Tower Block Fire

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  • rjsterry
    rjsterry Posts: 27,298
    [
    3) the solution is to stop paying people because they have children. It should be targeted on people who have a financial need
    Firstly, we need people to have children to avoid some fairly disastrous demographics... immigration not being flavour of the month, apparently. Secondly, means testing costs money so doesn't automatically save money.
    1985 Mercian King of Mercia - work in progress (Hah! Who am I kidding?)
    Pinnacle Monzonite

    Part of the anti-growth coalition
  • kingstongraham
    kingstongraham Posts: 25,986
    And thirdly, child benefit is no longer a universal benefit.
  • surrey_commuter
    surrey_commuter Posts: 18,860
    rjsterry wrote:
    [
    3) the solution is to stop paying people because they have children. It should be targeted on people who have a financial need
    Firstly, we need people to have children to avoid some fairly disastrous demographics... immigration not being flavour of the month, apparently. Secondly, means testing costs money so doesn't automatically save money.

    I am convinced that the arguments against means testing pre-date computerisation. If £20 a week was going to incentivise you to have kids then you would qualify on my means testing

    As stated below it is no longer a universal benefit

    and another thing - sending child benefits to children living oversea is insane and even if it does only cost £30m per annum should be stopped
  • rjsterry
    rjsterry Posts: 27,298
    Canada has child benefit as well, SC ;)

    BTW (and I'm aware I've not helped) how on earth is child benefit relevant to a fire in a tower block?
    1985 Mercian King of Mercia - work in progress (Hah! Who am I kidding?)
    Pinnacle Monzonite

    Part of the anti-growth coalition
  • surrey_commuter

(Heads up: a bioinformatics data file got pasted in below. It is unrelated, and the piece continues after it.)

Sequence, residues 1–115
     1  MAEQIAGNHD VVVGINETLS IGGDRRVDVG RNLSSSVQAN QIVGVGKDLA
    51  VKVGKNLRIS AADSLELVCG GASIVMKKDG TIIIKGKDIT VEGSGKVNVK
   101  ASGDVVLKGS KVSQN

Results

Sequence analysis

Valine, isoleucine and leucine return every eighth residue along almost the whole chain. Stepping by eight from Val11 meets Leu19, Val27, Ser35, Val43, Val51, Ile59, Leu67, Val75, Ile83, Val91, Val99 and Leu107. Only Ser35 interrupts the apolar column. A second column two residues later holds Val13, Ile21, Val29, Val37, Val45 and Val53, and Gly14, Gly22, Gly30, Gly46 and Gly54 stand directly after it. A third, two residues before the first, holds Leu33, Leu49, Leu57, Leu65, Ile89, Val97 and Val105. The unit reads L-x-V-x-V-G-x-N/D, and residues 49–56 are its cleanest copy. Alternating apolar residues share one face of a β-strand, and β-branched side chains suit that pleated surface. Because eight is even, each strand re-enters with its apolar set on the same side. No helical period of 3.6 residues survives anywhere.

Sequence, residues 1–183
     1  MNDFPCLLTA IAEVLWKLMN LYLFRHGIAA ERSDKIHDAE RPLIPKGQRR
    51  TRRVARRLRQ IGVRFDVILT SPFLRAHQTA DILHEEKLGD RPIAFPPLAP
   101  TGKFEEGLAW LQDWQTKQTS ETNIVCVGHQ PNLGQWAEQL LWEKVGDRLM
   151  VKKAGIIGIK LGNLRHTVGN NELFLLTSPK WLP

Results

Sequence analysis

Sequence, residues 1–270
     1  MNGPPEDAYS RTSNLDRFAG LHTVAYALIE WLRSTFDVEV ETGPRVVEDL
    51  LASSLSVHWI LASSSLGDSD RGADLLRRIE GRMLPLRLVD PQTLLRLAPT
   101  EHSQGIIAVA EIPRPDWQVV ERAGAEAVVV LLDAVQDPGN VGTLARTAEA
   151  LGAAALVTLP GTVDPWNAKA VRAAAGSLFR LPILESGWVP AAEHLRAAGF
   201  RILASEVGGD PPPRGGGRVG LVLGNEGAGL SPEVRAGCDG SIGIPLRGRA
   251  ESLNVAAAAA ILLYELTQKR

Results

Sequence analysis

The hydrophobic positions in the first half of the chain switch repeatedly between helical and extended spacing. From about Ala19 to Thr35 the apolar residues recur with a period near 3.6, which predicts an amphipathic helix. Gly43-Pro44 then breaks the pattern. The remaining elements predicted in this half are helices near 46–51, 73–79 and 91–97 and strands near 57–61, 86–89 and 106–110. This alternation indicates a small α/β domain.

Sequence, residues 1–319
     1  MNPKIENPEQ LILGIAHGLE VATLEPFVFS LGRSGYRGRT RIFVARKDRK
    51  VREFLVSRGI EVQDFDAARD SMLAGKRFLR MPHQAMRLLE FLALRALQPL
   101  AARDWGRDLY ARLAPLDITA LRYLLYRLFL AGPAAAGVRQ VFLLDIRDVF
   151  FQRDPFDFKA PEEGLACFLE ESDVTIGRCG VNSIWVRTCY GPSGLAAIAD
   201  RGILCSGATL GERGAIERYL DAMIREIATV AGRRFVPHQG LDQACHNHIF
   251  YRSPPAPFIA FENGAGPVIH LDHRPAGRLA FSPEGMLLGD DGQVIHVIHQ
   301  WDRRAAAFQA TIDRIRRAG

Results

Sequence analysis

surrey_commuter Posts: 18,860
    rjsterry wrote:
    Canada has child benefit as well, SC ;)

    BTW (and I'm aware I've not helped) how on earth is child benefit relevant to a fire in a tower block?

    is it you who made another comment about Canada or is there more than one of you trying to discombobulate me
  • rjsterry
    rjsterry Posts: 27,298
    rjsterry wrote:
    Canada has child benefit as well, SC ;)

    BTW (and I'm aware I've not helped) how on earth is child benefit relevant to a fire in a tower block?

    is it you who made another comment about Canada or is there more than one of you trying to discombobulate me

    I don't think there's more than one of me. :shock: I think you started it by claiming Britain had ideas above its station and we should aspire to be more like Canada - can't remember what it was in reference to.
    1985 Mercian King of Mercia - work in progress (Hah! Who am I kidding?)
    Pinnacle Monzonite

    Part of the anti-growth coalition
  • surrey_commuter
    surrey_commuter Posts: 18,860
    rjsterry wrote:
    rjsterry wrote:
    Canada has child benefit as well, SC ;)

    BTW (and I'm aware I've not helped) how on earth is child benefit relevant to a fire in a tower block?